the voltage Vc in the figure is always equal to
2 Relevant equations
The Attempt at a Solution
From kirchoffs law,
will Vc always equal to 9 V or it will vary?
Is that really the problem statement word for word? I suspect not because it can't easily be answered.the voltage Vc in the figure is always equal to
You are right, C.W. I misinterpreted the current source as an ammeter ...Is that really the problem statement word for word? I suspect not because it can't easily be answered.
At best you can say...
VC = 5V + 4V + whatever the voltage is across the 2A current source.
The latter term is unknown.
The current source will adjust it's voltage so that KVL holds. That depends on Vc. If the current source is an ideal current source then Vc could be anything. It could be negative or huge (eg-1,000,000V). The current source will do whatever it takes to make KVL hold. That allows Vc to be anything.
Yeah, but that IS the traditional symbol for a current source, whereas the ammeter is usually just an A in a circleNow that you mention it perhaps it is an ammeter. It would make some sense given the odd wording of the question.
If it's an ammeter it doesn't matter what's in the box, long as it results in a current of 2A:Though even if it is established that it's an ammeter, we are still left with an unanswerable question.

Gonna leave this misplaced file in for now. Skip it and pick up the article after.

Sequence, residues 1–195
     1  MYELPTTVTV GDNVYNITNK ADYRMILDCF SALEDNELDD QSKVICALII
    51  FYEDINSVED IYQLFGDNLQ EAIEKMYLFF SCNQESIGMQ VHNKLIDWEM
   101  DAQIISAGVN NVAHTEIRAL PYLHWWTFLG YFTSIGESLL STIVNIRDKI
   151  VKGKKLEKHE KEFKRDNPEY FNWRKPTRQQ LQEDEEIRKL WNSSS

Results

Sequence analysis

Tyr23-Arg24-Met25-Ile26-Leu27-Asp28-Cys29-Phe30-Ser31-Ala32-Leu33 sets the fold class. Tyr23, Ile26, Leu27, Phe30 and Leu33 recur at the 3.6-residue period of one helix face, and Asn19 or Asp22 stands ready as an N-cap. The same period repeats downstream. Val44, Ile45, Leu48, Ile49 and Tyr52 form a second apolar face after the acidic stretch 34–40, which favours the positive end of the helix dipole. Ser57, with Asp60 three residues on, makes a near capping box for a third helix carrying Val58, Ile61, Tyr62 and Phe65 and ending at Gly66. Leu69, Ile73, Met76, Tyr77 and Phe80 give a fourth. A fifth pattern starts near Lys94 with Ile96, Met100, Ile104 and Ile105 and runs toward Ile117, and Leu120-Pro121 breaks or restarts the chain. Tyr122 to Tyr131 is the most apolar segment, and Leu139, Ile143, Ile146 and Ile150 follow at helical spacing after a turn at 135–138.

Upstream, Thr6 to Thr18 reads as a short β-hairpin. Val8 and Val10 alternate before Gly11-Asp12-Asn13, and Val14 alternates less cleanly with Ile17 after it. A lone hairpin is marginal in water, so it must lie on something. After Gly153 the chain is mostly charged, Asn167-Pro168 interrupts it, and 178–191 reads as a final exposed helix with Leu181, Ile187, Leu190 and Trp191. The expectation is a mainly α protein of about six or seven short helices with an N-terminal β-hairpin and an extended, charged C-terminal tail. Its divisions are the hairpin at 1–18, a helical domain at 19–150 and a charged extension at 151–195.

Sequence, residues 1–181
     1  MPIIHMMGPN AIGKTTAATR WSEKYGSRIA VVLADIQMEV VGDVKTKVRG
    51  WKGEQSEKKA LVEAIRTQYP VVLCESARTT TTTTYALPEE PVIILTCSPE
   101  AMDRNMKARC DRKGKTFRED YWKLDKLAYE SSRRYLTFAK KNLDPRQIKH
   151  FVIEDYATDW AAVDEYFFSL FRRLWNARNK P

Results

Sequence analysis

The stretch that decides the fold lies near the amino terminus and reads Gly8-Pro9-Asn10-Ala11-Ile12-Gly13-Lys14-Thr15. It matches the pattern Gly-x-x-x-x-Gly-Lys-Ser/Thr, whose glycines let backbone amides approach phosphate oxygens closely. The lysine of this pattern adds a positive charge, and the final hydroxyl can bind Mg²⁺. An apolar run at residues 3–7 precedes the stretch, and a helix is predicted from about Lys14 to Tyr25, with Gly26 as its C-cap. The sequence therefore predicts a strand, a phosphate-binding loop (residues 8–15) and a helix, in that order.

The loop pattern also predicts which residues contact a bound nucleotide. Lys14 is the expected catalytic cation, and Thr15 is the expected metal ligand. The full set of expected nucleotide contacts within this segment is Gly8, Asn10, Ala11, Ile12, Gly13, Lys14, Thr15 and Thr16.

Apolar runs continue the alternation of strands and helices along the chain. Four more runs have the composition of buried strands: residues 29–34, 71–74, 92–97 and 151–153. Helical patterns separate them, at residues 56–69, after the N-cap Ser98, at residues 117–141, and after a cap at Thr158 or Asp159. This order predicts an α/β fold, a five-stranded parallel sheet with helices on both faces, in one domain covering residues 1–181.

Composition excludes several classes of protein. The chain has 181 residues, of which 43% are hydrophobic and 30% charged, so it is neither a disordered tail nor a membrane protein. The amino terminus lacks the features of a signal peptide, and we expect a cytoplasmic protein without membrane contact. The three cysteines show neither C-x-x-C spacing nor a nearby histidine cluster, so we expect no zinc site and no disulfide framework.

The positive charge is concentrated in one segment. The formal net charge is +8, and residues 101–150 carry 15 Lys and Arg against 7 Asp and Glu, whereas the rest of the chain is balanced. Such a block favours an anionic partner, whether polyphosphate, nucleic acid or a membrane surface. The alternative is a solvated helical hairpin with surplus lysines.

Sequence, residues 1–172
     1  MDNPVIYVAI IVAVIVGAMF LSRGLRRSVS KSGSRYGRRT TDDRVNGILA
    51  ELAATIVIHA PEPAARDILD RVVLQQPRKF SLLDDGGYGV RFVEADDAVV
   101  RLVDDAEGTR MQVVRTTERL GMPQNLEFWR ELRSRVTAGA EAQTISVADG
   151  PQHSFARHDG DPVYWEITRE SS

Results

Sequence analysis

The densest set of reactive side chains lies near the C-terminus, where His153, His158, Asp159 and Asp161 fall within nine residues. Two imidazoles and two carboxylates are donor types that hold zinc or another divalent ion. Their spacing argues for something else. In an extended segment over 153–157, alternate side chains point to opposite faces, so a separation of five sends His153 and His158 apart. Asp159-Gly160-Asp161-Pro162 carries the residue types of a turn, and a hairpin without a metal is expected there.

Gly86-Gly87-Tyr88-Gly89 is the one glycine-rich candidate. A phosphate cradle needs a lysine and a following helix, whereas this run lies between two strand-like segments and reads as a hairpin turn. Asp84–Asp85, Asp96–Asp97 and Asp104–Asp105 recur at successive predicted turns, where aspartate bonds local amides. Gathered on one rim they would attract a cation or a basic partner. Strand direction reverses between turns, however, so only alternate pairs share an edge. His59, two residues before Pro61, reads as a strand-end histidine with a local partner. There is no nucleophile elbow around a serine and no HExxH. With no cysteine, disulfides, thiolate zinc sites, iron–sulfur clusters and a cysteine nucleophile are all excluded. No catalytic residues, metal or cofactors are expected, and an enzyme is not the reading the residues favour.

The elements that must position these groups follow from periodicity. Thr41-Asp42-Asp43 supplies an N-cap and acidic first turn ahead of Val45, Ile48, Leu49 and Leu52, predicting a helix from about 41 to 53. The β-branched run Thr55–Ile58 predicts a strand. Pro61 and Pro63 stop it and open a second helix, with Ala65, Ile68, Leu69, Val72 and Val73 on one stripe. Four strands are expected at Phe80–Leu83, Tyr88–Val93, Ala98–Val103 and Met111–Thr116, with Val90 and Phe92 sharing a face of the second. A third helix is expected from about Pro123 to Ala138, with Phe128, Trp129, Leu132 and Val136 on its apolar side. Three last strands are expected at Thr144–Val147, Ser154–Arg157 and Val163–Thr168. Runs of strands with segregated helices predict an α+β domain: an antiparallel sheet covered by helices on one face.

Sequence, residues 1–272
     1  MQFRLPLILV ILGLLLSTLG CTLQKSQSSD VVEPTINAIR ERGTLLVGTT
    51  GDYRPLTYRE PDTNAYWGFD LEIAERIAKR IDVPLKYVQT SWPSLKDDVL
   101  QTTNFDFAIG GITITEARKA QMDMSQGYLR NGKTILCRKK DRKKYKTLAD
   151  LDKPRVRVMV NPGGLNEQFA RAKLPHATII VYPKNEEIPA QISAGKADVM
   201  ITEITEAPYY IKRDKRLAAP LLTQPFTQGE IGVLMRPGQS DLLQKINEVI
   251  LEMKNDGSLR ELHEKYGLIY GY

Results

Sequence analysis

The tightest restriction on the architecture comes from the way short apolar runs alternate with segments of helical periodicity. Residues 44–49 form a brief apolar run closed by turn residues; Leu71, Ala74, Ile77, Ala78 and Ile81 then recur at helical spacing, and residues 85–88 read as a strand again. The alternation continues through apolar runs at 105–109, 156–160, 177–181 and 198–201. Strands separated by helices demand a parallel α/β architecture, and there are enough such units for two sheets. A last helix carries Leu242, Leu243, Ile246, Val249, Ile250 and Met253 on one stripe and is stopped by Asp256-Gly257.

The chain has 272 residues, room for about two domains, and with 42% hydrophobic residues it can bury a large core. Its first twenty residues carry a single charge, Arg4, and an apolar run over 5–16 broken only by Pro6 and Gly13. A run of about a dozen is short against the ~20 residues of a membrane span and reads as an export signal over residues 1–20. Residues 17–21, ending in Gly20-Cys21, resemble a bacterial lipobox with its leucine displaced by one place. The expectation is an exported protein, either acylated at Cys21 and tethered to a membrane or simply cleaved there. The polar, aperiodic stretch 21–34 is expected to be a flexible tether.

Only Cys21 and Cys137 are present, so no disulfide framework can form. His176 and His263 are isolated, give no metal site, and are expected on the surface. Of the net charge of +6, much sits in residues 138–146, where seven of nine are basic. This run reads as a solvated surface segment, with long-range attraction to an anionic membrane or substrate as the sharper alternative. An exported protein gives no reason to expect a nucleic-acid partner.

What's in the box? Perhaps anand raj could tell us if there is some overlooked detail that should be shared. I'm thinking the box represents a variable load. But only because if it were to represent a fixed load, the question would seem trite.
Nominating an ammeter reading of 2A seems pointless and confusing if the load is intended to be variable, though.
If it's an ammeter icon, it may not tell us the direction of the current. Besides, I see nothing here that suggests the box contains a voltage/current source of any description.If it's an ammeter it doesn't matter what's in the box, long as it results in a current of 2A:
So? No one modifies circuit icons for each instance.I could haved sworn I saw an arrow pointing from left to right.
Vc can't be just anything. Vc depends on what's inside the box.
If the circuitry in the box is represented by its Thevenin equivalent: a voltage source Vth in series with a resistance Rth, then Vc = Vth - 2*Rth.
A combination of a current source in series with a resistor and a voltage source behaves just like the current source alone. Vc won't depend on the 2Ω resistor and the 5V source; it depends only on what's in the box; not only is the 5V source irrelevant, so is the 2Ω resistor.
If nothing is in the box, just a pair of terminals hanging in the air, then Vc→∞, and Vc will be whatever it takes to sustain the arc across the terminals.
For some really kinky circuit elements, see: